In Europe, our policies embody precisely the three principles of a durable peace: partnership, continued strength to defend our common interests when challenged, and willingness to negotiate differences with adversaries.

U.S. Foreign Policy for the 1970s,
Report to the Congress,
February 18, 1970

In last year's annual review I stated the following as the agenda for the future of our relations with Western Europe: the evolution of a mature partnership reflecting the vitality and independence of Wesern European nations; the expansion of our cooperation in facing the common social and human challenges of modern societies; consultation with our NATO allies on defense strategy and force levels and on the mutual interests affected by U.S.-Soviet talks on strategic arms limitation; an understanding with our allies on our common objectives and respective roles in seeking a peaceful and stable order in all of Europe.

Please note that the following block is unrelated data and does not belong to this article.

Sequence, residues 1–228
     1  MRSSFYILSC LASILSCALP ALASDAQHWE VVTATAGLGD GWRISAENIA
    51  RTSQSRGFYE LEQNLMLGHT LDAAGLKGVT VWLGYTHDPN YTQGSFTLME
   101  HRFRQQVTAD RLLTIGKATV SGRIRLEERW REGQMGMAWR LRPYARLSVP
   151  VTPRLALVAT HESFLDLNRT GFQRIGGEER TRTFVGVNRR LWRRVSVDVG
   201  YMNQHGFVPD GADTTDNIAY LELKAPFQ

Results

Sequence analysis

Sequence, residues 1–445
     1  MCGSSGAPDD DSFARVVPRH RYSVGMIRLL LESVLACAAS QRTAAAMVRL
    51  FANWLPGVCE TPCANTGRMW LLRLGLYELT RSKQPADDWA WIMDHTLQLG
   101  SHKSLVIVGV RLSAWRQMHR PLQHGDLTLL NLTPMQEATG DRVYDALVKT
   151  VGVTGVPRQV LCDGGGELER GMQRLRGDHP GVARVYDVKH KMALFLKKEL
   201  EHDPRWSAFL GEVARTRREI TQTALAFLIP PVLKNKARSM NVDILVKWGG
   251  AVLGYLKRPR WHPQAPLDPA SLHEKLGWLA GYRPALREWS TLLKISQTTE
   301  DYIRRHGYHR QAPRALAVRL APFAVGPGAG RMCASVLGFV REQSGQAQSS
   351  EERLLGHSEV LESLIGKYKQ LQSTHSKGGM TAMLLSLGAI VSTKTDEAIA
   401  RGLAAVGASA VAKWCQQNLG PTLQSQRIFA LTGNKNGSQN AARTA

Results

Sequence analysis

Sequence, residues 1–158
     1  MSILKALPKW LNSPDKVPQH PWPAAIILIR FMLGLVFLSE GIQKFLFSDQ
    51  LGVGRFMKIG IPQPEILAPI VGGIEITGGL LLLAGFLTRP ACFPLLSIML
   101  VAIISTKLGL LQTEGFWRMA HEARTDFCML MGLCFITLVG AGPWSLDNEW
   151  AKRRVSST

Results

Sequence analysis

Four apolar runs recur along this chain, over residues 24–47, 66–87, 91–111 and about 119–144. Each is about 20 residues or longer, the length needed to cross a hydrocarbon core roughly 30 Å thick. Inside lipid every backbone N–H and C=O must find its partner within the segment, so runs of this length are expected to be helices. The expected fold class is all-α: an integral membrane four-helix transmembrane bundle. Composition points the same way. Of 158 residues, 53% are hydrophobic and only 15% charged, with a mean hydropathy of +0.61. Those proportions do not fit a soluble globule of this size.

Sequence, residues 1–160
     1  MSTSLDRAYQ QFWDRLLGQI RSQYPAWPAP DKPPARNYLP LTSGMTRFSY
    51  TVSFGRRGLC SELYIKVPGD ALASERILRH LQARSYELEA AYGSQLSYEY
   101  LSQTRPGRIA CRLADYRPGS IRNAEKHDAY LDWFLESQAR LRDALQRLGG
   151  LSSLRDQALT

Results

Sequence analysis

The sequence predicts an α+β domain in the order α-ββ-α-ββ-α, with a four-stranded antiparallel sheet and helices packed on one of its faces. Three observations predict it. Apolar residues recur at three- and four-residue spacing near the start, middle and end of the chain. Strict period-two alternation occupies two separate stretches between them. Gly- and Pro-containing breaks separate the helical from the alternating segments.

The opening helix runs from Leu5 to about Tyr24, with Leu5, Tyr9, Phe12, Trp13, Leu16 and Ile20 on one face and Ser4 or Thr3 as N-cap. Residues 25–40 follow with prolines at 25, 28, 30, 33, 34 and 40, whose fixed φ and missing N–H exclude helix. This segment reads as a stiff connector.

This agenda is still with us, for its tasks are rooted in our fundamental purposes and are part of an historical process.

Clearly, if we are to found a structure of peace on the collaboration of many nations, our ties with Western Europe must be its cornerstone. This is not simply because wars on the continent have engulfed the rest of the world twice in this century. It is not simply because Europe's concentration of industrial might is crucial to the balance of power. Western Europe is central because its nations are rich in tradition and experience, strong economically, and vigorous in diplomacy and culture; they are in a position to take a major part in building a world of peace.